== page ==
6 of 6 people found the following review helpful
Takes you back in time to listen to a first hand account.,
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This review is from: Spitfire!: The Experiences of a Battle of Britain Fighter Pilot (Paperback)
I bought this having just re-read First Light, Geoffrey Wellum's wonderful narrative leaving me thirsting for more of the same. This is not in the same league really, but a worthwhile read non the less if you simply want to know what it was like flying a Spitfire from 1939 to 41.
In comparing the two, Wellum wrote his masterpiece with the wisdom of his older years, having honed his writing skills to convey not only what he did but how it felt, as dramatic events transformed him from raw recruit to fighter ace. Brian Lane's account, in contrast, is more a series of diary extracts written by a young man in his early twenties in the heat of battle. It is written in the vernacular of the period, with wartime 'let's teach the Huns a lesson' bravado. It concentrates on his wartime flying experiences, does not go into his training and hardly touches on his private life or emotions, so you don't really get to know the writer as you do with Wellum's book.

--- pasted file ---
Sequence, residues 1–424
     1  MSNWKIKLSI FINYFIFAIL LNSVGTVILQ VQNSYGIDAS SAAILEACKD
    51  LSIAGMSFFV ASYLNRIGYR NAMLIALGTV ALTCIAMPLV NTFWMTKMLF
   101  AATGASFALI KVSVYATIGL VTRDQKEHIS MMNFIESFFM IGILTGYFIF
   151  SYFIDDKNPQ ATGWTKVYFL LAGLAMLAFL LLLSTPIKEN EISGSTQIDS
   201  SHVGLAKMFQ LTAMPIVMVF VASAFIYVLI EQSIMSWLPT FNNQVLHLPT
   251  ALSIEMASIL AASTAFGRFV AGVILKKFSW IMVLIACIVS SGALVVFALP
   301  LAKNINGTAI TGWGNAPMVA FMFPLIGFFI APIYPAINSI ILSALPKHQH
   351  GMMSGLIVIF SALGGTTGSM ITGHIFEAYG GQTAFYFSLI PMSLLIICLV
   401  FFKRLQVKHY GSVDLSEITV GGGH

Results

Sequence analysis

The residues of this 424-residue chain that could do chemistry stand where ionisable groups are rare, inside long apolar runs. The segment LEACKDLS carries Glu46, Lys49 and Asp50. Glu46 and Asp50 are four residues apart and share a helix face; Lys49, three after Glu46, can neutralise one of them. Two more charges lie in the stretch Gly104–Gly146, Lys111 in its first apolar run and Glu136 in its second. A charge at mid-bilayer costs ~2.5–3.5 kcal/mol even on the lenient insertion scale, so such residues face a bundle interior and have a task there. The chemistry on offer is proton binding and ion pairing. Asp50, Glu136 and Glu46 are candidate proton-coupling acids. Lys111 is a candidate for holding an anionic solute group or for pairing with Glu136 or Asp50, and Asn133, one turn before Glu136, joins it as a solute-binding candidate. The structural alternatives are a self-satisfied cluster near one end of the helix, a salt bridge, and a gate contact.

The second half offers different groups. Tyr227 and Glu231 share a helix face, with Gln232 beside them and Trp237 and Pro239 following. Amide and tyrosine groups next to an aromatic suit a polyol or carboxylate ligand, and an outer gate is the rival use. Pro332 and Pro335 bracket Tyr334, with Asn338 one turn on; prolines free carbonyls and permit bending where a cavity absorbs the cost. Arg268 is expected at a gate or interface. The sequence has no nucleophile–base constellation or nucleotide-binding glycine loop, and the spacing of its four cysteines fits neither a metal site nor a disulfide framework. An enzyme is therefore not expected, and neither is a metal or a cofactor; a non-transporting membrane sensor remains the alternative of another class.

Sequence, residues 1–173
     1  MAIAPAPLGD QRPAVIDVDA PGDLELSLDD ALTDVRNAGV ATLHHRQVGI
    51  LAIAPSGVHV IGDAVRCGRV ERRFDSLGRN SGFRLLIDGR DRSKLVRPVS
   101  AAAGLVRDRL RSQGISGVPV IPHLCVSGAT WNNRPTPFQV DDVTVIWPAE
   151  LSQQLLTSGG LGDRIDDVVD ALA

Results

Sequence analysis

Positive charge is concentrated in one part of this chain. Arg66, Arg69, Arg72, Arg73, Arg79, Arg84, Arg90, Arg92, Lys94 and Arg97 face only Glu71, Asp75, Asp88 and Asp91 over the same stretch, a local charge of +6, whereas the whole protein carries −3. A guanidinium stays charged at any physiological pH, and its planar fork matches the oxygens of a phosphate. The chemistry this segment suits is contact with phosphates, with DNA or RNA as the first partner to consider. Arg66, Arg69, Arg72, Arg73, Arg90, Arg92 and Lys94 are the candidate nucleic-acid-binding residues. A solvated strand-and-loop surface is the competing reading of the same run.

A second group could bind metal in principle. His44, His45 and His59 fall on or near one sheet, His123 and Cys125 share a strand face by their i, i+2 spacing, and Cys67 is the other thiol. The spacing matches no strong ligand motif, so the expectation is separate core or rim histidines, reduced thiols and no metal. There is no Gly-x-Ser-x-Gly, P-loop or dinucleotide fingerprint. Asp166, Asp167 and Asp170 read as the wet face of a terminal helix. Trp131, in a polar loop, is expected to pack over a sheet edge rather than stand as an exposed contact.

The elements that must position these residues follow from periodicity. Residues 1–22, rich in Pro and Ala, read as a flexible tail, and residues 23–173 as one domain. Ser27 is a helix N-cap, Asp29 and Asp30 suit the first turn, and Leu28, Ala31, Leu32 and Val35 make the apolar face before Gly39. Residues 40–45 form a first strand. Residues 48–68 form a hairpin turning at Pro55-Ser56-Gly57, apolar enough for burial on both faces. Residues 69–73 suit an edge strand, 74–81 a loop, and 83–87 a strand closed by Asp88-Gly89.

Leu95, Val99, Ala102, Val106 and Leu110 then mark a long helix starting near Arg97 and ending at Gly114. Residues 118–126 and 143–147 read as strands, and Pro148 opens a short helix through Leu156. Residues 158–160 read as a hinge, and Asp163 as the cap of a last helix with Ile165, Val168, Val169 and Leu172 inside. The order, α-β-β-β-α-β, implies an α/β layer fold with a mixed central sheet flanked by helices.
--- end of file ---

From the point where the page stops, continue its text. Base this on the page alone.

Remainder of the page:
What this book does do however is make you feel as though you are going back in time, to sit alongside the author in the officers' mess, listening to his first hand account of the sortie he's just returned from, whether it was one of intense life or death combat or a frustrating, fruitless search for enemy aircraft in poor weather or an attempted night time intercept. Like the author's life sadly, it ends prematurely.
My only criticism is the text is littered with typos; stray commas all over the place and full stops mysteriously appearing in the middle of sentences. The proof reader must have gone awol.